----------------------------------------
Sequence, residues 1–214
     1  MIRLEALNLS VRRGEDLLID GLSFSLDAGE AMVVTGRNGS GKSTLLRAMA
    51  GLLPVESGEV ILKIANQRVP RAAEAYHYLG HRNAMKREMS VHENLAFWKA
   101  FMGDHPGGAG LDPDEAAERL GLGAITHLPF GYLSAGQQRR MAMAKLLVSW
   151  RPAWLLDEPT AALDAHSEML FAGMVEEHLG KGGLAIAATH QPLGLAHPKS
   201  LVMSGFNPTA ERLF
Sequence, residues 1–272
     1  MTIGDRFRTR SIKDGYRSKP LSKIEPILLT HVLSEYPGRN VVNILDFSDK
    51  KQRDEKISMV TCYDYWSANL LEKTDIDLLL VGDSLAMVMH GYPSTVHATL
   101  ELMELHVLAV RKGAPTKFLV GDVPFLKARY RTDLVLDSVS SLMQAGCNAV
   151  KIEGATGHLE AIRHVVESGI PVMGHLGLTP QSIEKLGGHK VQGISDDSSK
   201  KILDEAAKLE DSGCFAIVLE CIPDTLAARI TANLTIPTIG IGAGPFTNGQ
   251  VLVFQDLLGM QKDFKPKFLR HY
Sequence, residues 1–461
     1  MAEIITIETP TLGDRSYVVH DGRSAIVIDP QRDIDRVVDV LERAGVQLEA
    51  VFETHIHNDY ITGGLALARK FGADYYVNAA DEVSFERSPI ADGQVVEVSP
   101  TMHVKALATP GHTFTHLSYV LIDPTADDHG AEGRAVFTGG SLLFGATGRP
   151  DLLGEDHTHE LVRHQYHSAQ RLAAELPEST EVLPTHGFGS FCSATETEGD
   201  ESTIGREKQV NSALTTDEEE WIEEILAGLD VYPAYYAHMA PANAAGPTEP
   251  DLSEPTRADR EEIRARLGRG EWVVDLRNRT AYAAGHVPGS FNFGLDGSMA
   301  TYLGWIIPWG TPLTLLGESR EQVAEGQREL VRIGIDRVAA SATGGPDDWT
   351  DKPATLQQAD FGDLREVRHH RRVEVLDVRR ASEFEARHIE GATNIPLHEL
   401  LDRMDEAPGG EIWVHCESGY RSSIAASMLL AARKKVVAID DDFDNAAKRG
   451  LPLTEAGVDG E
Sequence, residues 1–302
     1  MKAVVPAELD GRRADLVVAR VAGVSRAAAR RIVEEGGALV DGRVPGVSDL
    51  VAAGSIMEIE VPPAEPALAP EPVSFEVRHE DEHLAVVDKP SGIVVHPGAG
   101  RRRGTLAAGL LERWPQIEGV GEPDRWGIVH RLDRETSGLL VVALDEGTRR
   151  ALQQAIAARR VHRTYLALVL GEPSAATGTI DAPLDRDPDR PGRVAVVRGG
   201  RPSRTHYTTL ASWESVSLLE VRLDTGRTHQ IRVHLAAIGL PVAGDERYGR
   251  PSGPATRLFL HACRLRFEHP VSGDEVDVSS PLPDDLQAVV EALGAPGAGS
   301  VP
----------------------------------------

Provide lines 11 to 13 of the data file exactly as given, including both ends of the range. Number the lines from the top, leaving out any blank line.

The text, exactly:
   151  KIEGATGHLE AIRHVVESGI PVMGHLGLTP QSIEKLGGHK VQGISDDSSK
   201  KILDEAAKLE DSGCFAIVLE CIPDTLAARI TANLTIPTIG IGAGPFTNGQ
   251  VLVFQDLLGM QKDFKPKFLR HY